“In reaction to the Modernists’ optimism the Fundamentalists, convinced that the war presaged the end of the world, placed their hope upon the Second Coming of Christ. This tenet explained the evil days to their satisfaction, for it envisaged, so far as most Adventists were concerned, a period of devastation before the Return. But since the doctrine of Christ’s reappearance on earth was one of the beliefs which the Fundamentalists felt to be jeopardized by the higher critics’ tinkering with the Bible, the emphasis on millennialism demanded of them a spirited defense of the old faith and bitter opposition to the new. It was significant that many fervent champions of religious orthodoxy after 1918 were premillennialists.”
-Norman F. Furniss ‘The Fundamentalist Controversy”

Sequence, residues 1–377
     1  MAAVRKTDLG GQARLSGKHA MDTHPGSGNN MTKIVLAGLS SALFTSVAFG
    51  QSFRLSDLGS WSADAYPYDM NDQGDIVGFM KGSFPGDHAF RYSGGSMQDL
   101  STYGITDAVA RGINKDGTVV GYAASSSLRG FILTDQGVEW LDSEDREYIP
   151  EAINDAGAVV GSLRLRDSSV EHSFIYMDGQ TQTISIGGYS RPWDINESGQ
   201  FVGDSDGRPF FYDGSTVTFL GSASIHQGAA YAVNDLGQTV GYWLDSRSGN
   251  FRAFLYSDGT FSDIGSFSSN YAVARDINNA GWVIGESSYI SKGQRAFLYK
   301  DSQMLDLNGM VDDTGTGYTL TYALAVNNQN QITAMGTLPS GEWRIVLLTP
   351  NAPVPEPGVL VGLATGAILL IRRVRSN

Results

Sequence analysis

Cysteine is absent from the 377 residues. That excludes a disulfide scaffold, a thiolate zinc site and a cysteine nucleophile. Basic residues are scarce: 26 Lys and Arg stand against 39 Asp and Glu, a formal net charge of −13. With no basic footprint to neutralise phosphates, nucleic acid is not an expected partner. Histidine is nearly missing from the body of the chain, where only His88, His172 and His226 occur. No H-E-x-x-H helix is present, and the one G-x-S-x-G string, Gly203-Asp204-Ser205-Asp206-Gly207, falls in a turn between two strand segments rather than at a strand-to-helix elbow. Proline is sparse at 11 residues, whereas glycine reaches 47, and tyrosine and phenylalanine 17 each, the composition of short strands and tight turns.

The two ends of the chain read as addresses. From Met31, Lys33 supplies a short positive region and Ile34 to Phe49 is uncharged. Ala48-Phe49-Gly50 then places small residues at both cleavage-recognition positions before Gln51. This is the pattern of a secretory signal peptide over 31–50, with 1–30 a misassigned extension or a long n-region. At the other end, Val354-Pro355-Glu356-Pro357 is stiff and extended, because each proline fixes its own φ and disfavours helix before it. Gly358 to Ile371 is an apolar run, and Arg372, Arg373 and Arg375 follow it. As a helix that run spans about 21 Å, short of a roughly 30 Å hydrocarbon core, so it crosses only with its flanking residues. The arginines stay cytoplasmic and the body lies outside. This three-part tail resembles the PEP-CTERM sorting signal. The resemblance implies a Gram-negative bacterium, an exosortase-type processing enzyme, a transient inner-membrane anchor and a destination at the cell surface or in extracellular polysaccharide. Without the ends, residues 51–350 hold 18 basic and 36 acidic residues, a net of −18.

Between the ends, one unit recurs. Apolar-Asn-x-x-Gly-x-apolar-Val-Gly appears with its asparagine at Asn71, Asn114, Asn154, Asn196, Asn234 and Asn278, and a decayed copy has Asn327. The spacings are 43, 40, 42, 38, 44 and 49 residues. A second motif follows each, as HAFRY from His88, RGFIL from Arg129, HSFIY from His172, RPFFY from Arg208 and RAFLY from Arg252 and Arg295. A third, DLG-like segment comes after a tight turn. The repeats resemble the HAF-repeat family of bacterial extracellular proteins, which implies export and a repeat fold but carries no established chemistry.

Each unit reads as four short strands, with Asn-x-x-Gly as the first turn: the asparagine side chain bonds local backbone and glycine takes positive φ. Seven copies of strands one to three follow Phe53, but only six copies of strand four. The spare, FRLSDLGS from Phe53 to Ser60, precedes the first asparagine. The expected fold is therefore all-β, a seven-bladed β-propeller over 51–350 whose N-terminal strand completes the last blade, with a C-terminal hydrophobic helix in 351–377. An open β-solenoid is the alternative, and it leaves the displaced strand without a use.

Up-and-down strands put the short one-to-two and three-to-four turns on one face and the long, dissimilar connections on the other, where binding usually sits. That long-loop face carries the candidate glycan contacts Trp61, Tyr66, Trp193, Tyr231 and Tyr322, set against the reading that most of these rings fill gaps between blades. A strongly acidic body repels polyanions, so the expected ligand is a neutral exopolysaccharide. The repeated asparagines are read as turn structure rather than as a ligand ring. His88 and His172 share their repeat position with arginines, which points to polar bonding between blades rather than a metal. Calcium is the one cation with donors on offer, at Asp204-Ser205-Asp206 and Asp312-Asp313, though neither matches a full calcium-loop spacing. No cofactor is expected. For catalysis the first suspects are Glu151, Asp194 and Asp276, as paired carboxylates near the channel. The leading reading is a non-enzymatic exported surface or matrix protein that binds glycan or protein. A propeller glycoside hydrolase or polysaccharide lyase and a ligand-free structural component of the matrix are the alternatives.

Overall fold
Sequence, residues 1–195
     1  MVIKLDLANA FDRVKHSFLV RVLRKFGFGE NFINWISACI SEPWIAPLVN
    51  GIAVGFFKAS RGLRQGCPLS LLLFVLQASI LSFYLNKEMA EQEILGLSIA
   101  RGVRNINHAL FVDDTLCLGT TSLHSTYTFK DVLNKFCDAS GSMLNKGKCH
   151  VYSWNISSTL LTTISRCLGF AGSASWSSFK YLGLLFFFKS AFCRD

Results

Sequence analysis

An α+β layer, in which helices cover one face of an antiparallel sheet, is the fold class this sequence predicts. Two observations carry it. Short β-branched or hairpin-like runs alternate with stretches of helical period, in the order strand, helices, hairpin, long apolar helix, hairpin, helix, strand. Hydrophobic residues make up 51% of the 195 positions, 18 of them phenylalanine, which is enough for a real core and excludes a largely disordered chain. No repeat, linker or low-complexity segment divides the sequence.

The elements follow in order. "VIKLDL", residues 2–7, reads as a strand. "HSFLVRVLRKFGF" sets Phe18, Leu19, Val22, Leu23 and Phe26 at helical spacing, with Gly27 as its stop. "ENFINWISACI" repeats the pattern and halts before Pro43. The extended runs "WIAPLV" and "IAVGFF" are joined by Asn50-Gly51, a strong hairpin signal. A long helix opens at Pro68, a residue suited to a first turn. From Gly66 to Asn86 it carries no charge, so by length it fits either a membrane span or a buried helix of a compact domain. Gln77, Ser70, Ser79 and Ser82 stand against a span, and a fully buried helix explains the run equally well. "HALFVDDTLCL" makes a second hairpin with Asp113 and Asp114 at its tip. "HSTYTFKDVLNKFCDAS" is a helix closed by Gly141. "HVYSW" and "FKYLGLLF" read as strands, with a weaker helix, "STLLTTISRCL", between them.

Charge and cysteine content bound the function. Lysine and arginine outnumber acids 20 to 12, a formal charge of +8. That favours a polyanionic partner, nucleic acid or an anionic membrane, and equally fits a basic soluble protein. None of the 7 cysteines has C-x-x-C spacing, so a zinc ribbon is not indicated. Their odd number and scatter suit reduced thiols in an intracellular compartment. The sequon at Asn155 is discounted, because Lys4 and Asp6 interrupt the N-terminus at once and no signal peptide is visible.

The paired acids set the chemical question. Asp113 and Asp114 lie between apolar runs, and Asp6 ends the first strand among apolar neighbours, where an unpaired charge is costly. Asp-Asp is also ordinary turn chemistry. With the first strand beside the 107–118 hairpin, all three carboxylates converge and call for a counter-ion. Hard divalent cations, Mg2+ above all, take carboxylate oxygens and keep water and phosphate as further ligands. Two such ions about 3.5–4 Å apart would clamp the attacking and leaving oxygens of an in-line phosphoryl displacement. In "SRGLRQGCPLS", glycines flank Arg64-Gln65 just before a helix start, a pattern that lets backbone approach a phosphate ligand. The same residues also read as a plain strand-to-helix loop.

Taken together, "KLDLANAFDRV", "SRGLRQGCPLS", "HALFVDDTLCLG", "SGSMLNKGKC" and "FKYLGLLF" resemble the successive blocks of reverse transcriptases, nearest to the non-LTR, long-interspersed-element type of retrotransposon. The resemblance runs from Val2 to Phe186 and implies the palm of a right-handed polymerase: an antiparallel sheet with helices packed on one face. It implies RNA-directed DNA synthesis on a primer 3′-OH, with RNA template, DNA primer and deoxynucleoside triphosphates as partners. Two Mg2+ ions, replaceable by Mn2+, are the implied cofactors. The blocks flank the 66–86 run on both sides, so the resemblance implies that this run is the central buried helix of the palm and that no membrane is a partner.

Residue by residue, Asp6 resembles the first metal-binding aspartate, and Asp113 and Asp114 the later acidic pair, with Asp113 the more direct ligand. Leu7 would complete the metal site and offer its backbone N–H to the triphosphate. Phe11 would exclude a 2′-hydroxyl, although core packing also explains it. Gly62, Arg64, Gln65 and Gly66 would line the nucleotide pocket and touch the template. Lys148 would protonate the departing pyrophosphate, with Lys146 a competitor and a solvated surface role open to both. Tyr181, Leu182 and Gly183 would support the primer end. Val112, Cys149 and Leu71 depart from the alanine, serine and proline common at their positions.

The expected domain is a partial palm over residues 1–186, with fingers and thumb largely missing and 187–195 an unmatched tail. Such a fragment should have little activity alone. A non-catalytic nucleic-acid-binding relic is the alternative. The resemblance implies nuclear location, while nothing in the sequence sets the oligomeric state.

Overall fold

Strong’s title article in Christ in Creation, is a preparatory opening salvo in his discussion of his views on ethical monism. It associated the second person of the trinity with the creation in such a way that the creation is a direct manifestation of God. It is not merely the evidence of his handiwork, rather, it is a presentation of who God is in much the same way as a face is to the mind behind it. One can easily see in this article, along with the two following articles on ethical monism, how some would come to see Strong’s views on Christ and his relationship to creation as tantamount to pantheism. This is, however, a charge that Strong would vehemently deny, in spite of the fact that one of the well worn analogies for pantheism and even process theology is the world as God’s body. Strong only uses the face of God for his analogy, but one would be hard pressed to see this as a significant difference between Strong’s theology and pantheism.